Rice Flowers

Funny thing, although rice is a mainstay of the Italian diet, you tend not to think about it in that light.  We hear: Italian, we think: Pasta. But in fact, in northern Italy pastascuita is less frequent than some very ancient grains like polenta (which to an American Southerner is grits, though the corn is yellow and invariably cooked into solid blocks) and rice.

The whole of the Po Valley is simply ideal for growing rice – flat and marshy,  like one big rice paddy and in parts it actually is one.  So Italians like rice and eat a good deal of it in the form of risotto.

When Guts and I were younger, and in much lower water than we are now, I plugged in that whole rice cuisine to make ends meet. Risotto was my way out of a tight budgetary corner.  It worked too.  Risotto ai Funghi was for the months when mushrooms came, in the fall, with beef broth, primavera for the spring vegetables, with chicken broth, and so on.

Rice has never tipped over the edge with me into dislike, despite the frequency with which we ate it.  And so when I ran into a perfume that was actually called Fiore di Riso (Rice Flower or Flower of Rice) it was an attractive concept to me.  Rice notes have been in perfumery in the last few years, there’s at least one Kenzo which features the note and when I had Kenzo Le Parfum, I could have sworn that I smelled a bit of rice in the dry down.  Be that as it may, Fiore di Riso is one of those creamy comforting gourmand scents that border the territory of the white floral.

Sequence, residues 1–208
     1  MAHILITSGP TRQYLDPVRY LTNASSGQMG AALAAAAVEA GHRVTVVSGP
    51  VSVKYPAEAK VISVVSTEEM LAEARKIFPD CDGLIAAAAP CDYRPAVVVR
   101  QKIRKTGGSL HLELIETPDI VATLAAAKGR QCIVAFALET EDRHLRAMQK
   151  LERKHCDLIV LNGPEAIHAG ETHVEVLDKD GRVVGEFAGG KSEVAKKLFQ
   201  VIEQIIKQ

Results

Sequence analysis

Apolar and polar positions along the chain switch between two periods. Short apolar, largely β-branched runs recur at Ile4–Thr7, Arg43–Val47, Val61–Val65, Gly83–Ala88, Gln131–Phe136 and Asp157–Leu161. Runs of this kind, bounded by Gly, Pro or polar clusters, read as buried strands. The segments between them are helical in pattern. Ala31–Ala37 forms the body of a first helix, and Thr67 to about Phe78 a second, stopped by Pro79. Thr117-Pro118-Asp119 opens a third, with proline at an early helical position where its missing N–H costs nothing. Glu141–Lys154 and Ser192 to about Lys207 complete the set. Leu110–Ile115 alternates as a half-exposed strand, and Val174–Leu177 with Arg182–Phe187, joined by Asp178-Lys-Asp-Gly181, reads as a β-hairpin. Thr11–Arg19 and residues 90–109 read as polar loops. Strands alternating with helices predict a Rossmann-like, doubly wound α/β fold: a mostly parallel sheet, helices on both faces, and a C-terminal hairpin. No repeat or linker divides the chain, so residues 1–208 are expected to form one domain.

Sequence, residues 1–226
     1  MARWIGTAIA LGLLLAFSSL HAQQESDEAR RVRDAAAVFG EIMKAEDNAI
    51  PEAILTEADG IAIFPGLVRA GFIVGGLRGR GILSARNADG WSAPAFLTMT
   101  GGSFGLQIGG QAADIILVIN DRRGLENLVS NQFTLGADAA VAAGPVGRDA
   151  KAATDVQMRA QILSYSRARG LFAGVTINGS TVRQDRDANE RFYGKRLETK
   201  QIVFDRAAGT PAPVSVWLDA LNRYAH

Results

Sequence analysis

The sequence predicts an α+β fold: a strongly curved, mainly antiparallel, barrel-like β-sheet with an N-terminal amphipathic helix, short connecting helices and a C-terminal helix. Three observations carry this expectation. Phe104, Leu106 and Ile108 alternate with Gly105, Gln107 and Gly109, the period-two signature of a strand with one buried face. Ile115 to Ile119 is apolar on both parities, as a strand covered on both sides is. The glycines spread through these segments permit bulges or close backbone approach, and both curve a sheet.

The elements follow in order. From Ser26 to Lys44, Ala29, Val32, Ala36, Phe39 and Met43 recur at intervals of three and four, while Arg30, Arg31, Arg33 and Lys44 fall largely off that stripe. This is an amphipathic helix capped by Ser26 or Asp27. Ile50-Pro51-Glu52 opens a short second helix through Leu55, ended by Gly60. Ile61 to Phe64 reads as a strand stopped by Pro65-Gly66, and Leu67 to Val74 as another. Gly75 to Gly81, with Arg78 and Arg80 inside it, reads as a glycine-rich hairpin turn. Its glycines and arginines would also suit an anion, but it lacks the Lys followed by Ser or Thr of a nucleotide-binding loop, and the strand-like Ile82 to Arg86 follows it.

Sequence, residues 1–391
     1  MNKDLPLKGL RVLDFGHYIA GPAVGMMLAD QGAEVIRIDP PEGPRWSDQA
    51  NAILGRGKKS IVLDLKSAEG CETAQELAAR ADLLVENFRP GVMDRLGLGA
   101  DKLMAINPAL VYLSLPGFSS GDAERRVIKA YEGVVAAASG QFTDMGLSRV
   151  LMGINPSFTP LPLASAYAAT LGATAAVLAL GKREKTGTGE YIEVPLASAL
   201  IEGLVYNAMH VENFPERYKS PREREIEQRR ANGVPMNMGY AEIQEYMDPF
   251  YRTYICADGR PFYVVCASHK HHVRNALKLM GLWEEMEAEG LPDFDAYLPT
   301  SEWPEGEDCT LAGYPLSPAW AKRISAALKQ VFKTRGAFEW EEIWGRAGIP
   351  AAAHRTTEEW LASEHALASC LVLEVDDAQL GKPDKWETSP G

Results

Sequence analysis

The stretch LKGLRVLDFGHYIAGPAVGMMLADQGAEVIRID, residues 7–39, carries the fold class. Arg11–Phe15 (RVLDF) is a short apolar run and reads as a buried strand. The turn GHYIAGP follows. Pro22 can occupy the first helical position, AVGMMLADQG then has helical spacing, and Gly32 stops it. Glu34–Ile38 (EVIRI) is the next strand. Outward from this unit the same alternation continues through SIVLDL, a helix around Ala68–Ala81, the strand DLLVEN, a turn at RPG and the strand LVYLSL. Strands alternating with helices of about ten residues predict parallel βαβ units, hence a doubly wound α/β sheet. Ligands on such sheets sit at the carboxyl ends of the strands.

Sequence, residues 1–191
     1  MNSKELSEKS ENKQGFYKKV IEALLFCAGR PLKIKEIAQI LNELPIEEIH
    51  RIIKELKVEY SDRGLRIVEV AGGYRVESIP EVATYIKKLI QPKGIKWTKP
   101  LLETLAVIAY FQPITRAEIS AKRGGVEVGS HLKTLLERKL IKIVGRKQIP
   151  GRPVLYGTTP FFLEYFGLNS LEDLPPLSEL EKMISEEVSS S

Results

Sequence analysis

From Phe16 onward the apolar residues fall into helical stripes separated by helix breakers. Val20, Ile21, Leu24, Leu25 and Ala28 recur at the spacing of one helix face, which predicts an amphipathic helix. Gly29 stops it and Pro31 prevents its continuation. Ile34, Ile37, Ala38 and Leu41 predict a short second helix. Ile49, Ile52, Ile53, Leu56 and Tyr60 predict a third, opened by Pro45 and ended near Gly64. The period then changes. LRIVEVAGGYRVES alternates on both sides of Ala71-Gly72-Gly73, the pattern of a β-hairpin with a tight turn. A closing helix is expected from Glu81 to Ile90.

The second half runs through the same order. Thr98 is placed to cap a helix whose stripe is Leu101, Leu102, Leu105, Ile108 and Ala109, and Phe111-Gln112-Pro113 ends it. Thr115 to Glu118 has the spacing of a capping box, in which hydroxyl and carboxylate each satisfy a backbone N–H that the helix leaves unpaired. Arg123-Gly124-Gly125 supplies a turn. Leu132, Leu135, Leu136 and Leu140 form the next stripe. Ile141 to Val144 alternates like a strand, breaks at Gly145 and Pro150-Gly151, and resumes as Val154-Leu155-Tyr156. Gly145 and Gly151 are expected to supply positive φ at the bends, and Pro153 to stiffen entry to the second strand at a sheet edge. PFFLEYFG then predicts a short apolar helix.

If it were a bit more floral, and there is something in it which smells vaguely like gardenia, then it would really be a floral, and if it were just a tad more like a very nice rice pudding, then it would be a gourmand, but as it is, to my nose it straddles the line.

Fiore is vanillic, but not crassly so, floral but not cloyingly so, and sweet but not tooth achingly sweet.  It is an extremely pretty little thing, and as the stuff is in perfume concentration here, the tenacity of the scent is really pretty good.  This one will last on me for upwards of five hours, though it does not project very far.

Farmacia SSAnnunziata, which makes Fiore, is one of those apothecary brands the Italians seem to be so fond of, and as far as I can tell, the farmacia favors gourmands for women.  There are the usual almond and vanilla scents in this line, but this one, by reason of its rice note, manages to put a new spin on an old concept.  It reminds me of wedding trousseaus back in the day, with all the sheets laid out and pressed with homemade lace crocheted for the edges usually lightly starched.  That’s what Fiore di Riso reminds me of, those trousseaus, with the smell of starch and the white thick lace of which I have an example.

Imagine crocheting your own. Well, that’s the best mental image for this perfume, something sturdy, something interconnected, something slightly old fashioned – matrimony at a guess.

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